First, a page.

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About the 2004 New Zealand FSAP

The IMF conducted our last FSAP in late 2003, and published their findings and recommendations in May 2004.

The broad conclusion was that New Zealand had a profitable and well-functioning financial system, sound and transparent financial policies, and a favourable macroeconomic outlook - all of which provided an effective buffer against systemic risk.

The IMF assessed our regulatory framework as “generally appropriate” for New Zealand circumstances and indicated that (with some refinements) it would continue to provide a basis for maintaining a sound financial system.

The main recommendations made in the 2004 New Zealand FSAP are included in the RBNZ’s 2016 New Zealand FSAP Bulletin, published in late April.

However, New Zealand’s securities regulation performed relatively poorly against many of the international (IOSCO) principles. This assessment raised questions over the regulator’s core capability and effectiveness and resulted in a number of recommendations for change to improve deficiencies in New Zealand’s securities regulatory regime.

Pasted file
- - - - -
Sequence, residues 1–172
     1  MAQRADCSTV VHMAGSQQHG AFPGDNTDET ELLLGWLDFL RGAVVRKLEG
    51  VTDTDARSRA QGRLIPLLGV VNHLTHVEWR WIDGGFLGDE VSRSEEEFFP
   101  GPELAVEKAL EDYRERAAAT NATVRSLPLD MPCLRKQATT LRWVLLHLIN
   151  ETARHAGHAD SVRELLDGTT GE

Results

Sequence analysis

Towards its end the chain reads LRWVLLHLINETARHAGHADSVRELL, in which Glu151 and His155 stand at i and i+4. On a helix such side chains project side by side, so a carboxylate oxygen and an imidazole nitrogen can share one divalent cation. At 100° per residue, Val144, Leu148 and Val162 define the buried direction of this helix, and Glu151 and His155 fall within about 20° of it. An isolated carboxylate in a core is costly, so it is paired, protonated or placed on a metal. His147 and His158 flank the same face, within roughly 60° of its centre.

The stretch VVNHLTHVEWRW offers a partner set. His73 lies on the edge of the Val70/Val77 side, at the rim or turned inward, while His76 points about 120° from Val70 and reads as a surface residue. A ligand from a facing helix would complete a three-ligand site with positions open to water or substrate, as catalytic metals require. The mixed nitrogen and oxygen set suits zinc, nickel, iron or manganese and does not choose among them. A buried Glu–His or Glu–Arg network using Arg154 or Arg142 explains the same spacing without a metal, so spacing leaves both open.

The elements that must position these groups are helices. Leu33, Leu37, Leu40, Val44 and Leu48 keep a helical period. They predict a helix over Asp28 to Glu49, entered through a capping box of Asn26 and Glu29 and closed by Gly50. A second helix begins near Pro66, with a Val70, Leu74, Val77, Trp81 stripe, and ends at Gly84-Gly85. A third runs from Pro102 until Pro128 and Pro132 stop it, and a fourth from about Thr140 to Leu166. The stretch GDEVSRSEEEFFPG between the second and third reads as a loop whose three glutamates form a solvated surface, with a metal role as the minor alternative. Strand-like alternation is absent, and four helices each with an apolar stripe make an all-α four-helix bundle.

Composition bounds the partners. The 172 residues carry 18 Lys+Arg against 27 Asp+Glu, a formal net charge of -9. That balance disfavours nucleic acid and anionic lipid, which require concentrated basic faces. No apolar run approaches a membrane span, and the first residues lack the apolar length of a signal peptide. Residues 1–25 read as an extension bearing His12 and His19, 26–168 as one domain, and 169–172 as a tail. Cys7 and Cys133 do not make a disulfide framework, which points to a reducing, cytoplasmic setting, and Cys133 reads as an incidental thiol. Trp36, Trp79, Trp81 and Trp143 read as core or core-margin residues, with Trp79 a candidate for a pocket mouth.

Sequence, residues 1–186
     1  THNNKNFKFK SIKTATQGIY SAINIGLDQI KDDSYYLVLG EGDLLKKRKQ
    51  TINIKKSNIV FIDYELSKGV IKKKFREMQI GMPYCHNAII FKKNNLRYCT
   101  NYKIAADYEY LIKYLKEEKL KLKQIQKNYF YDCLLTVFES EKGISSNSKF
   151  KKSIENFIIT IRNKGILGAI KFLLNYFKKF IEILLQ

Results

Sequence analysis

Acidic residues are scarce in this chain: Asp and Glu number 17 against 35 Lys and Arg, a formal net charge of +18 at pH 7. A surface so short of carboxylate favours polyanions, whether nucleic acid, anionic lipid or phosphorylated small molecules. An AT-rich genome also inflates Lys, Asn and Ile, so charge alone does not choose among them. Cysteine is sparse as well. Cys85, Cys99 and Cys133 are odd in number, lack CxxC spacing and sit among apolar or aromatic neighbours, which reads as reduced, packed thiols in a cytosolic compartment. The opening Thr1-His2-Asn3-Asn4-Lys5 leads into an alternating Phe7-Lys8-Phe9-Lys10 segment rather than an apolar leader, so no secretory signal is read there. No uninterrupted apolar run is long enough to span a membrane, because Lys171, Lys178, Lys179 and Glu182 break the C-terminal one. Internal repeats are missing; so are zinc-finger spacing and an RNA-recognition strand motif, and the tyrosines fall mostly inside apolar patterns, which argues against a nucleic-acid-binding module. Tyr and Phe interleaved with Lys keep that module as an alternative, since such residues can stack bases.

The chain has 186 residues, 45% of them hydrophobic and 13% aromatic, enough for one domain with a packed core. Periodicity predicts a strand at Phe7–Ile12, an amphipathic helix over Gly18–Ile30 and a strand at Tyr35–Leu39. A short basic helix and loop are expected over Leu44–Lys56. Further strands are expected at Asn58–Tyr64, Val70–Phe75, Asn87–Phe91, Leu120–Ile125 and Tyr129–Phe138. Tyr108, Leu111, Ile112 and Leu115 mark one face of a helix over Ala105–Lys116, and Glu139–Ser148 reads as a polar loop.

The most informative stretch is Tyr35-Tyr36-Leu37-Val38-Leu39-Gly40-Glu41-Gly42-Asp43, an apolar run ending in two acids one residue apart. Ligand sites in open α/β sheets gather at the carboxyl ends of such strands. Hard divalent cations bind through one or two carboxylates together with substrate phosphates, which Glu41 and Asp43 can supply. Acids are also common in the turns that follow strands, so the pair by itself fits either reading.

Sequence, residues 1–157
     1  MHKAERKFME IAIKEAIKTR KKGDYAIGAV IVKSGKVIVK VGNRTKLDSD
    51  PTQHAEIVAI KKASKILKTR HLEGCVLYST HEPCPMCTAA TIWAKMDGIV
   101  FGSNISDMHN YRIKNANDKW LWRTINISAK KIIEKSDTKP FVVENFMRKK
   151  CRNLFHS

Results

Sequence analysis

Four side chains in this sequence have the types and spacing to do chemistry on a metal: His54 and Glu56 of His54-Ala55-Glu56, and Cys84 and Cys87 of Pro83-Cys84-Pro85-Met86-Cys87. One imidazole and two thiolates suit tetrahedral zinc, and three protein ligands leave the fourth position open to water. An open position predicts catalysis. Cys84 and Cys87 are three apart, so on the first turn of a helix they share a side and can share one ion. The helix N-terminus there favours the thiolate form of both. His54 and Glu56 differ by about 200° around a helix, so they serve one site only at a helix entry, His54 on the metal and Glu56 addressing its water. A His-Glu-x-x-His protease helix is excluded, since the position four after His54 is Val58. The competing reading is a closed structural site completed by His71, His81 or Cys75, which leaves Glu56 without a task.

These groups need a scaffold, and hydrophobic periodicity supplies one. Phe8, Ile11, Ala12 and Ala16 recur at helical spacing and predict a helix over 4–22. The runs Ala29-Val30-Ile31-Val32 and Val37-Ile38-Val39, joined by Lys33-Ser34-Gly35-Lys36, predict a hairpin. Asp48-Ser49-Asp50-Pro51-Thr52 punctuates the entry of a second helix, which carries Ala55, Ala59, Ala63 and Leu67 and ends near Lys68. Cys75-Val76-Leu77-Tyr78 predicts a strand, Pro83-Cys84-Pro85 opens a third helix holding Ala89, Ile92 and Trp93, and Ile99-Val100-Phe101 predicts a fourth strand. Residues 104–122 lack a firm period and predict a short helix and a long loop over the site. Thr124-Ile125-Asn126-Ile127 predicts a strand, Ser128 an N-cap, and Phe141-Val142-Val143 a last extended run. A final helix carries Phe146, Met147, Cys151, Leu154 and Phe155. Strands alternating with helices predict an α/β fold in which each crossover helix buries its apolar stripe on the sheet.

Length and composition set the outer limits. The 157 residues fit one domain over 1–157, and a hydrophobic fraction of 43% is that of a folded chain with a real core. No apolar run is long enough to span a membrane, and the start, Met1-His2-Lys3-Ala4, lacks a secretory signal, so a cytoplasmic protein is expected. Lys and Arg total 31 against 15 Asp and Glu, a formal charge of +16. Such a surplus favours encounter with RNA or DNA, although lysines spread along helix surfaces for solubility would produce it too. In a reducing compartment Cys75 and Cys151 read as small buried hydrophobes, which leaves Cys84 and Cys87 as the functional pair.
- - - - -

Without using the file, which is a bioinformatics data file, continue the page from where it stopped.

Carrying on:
The key recommendations from the IMF’s 2004 review of securities regulation included:

  • strengthening oversight of frontline supervisors and auditors
  • allocating resources to enable a risk based review of issuer disclosure documents
  • providing for greater assessment and regulatory oversight of the NZX
  • providing a common regulatory framework, minimum standards and provisioning for the ongoing regulatory oversight of  brokers and CIS (our managed investment scheme) operators
  • providing minimum standards and strengthening oversight of market intermediaries that are not exchange members
  • providing that investment advisers should be subject to ongoing capital and prudential requirements
  • maintaining a crisis management plan for dealing with potential failure of intermediaries
  • strengthening market manipulation rules.